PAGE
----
6. Escape Room
When six strangers from completely different walks of life receive a mysterious invitation to experience the escape room, they are keen to take up the offer in hopes of the winning the grand prize of $10,000. But what seemingly starts off as innocent fun, soon spirals into a question of life or death when it turns out that each room is an elaborate trap designed to kill.
Escape Room was not the first film to use the premise of an escape room as a thing of horror, but it was the first film to do so in a way that actually worked well and was incredibly watchable and entertaining. This film works especially well if you are a frequenter of escape rooms – you will get a kick out of watching the characters try to figure out the clues and watching one of the characters fan boy over the escape room because he has done so many previously.
The production design is really fun, and though the horror is not outright, it works really well in the premise. The cast works well together and allows the audience to pick a favourite, as no one character is the same. Though Escape Room is far from perfect and was not a critical hit, it is certainly one of the most entertaining and engaging films of the year so far.
7. High Flying Bird
Sports agent Ray finds himself caught in a face off between the players and the league in the midst of a pro basketball lockout. With his career on the line, Ray has only seventy-two hours to pull off a daring plan as he uncovers a loophole that could change the game of basketball forever.
High Flying Bird is director Steven Soderbergh’s third film since he returned to directing in 2017 and as with Unsane, he filmed High Flying Bird on an iPhone. Again, utilising iPhone technology means that High Flying Bird feels innovative and a bit different from other films and is also an improvement on Unsane’s iPhone experiment.
High Flying Bird is a smart and intelligent film and is great for those looking for something not so mainstream. Often High Flying Bird feels almost documentarian such is its realism on the subject. The production design and some of the scenes almost feel stark, reflecting the soullessness of the subject which might sound like it is a negative, but it just further enhances the tone of the film and its underlying messages on capitalism.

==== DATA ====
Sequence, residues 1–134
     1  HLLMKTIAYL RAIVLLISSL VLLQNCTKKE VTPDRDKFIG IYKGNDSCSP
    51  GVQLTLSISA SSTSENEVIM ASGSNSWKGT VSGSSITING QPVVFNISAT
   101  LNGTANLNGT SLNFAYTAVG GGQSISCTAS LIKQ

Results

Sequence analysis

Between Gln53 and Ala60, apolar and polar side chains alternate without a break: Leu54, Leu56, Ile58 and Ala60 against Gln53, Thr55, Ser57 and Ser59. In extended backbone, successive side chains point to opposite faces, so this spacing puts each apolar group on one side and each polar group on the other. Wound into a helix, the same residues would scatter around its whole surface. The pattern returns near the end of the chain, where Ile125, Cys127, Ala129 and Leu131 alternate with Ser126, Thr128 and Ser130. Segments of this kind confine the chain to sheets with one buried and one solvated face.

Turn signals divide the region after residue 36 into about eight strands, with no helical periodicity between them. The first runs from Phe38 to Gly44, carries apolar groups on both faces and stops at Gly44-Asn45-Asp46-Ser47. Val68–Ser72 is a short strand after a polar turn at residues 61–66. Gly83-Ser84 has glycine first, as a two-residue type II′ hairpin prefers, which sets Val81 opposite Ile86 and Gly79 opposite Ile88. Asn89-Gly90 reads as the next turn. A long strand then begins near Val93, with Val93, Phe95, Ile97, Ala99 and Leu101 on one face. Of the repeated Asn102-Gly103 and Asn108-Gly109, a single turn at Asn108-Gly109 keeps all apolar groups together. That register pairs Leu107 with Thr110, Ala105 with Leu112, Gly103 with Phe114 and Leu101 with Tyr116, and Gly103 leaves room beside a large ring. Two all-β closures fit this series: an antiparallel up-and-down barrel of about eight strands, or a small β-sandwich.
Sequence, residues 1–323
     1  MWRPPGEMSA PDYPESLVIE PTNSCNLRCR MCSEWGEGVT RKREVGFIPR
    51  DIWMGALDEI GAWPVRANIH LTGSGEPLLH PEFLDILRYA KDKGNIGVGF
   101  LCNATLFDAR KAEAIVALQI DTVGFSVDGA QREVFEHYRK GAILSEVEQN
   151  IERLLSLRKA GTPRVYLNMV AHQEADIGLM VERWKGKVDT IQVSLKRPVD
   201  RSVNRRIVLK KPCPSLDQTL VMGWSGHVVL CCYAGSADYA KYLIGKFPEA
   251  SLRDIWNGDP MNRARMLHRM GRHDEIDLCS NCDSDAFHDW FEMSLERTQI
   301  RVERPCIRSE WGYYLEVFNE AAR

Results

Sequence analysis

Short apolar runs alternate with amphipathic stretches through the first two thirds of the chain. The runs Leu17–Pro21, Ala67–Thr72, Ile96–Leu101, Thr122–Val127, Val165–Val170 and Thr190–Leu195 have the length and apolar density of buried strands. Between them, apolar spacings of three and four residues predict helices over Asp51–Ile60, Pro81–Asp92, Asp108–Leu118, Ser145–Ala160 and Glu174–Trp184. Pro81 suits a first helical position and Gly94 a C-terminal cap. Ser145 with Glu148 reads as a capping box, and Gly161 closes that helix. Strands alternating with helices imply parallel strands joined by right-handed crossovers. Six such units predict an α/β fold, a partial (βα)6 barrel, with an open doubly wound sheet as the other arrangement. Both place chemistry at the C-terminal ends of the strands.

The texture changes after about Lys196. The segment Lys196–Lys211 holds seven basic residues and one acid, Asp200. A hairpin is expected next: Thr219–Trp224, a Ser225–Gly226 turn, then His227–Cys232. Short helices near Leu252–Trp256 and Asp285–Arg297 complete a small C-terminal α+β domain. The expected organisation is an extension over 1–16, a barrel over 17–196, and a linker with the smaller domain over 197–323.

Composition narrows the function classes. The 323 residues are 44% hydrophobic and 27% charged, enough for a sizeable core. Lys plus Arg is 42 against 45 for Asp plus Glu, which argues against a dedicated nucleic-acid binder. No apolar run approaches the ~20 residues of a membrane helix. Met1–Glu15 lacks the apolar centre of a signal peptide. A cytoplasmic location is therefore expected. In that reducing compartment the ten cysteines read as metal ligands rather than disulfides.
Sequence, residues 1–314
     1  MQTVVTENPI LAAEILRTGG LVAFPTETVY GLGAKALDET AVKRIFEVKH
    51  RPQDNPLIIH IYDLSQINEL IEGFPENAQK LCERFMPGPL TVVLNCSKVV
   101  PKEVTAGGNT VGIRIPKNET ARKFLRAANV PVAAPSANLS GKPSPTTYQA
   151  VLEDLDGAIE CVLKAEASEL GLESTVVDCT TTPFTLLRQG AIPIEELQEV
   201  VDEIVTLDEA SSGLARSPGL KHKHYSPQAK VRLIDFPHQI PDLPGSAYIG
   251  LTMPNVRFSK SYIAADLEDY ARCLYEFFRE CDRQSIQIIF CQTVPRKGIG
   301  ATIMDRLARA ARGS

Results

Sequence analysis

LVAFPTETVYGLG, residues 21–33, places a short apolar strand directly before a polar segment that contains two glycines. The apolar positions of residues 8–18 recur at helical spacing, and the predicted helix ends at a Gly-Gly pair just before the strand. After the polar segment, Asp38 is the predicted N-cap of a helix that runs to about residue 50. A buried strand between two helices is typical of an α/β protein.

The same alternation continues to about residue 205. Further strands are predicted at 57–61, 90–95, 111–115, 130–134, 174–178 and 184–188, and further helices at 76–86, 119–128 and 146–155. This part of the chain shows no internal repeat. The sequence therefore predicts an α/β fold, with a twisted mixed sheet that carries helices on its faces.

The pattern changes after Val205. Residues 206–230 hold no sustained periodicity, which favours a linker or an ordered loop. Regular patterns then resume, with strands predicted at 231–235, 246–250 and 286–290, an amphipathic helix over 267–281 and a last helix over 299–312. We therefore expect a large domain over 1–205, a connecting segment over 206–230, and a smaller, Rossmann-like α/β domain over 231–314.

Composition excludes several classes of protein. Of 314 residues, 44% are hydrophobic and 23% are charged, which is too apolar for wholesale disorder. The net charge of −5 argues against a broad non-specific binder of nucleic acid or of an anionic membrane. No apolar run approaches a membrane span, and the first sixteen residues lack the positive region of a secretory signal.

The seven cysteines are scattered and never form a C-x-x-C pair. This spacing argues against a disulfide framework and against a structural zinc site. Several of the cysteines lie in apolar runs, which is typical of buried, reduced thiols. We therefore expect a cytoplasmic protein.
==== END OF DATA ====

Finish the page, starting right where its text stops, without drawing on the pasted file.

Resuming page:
After an airplane crashes in the Arctic, a stranded man is faced with the impossible decision of whether to remain in the relative safety of his makeshift camp or whether he should embark on a highly dangerous and treacherous trek through the wilderness in the hopes of making it out alive.
Man versus nature has always been a popular theme in disaster/survival films and Arctic’s survival aspect is elevated by the solo element of Overgard’s situation – he is completely isolated and alone. Mads Mikkelsen as Overgard puts in a terrific performance, he is so realistic and believable, his performance is so grounded and inspirational.
The stunning film location of the glaciers of Iceland makes Arctic visually stunning and the cinematography is worthy of The National Geographic – breathtakingly beautiful and showing the true harshness of the landscape.
Arctic is an intense and emotional film, and marks an impressive debut from director Joe Penna.
9. Apollo 11
A film fifty years in the making, Apollo 11 shows never seen before footage and audio recordings of one of the most celebrated space missions of all time and one of humanity’s greatest accomplishments as astronauts Buzz Aldrin, Neil Armstrong and Michael Collins embark on a mission to the moon.
The ultimate tribute to human achievement, Apollo 11 is a film that is a stunning, visual treat. As enthralling, gripping and compelling as any science fiction space themed film, or maybe even more so, Apollo 11 is a must see for anyone who has ever marvelled at the night skies and the infinite space above us.
Apollo 11 also reminds us of something that audiences may often forget when thinking about the space missions, and that is the human element. We might automatically think of the brave astronauts that made the trip, but behind that was hundreds of other people who worked tirelessly to make it all happen and seeing all the faces behind the scenes is just as fascinating as seeing the incredible vastness of space.
10. Late Night
When a legendary late-night talk show host hires her only female staff writer, her world is soon turned upside down. Originally only hired to fulfil a quota and smooth over diversity concerns, the two women, who are vastly different, soon become united by their love of a good punchline.
You never have to wait long for a new comedy film to pop up, they are one of film’s most popular genres. Yet it is not often that comedy films involve smart comedy, rather than relying on slapstick and toilet humour. Thankfully, Late Night is a smart comedy film and often even examines why we make jokes and why they do or do not work.
The cast helps elevate this film and features lead Emma Thompson in some of her best work. Along with Mindy Kaling as Molly, the two are relatable and charming in their own different ways. Late Night is reasonably formulaic and audiences won’t be surprised by how events unfold, and yet none of that really matters because Late Night’s satirical nature more than makes up for its predictability.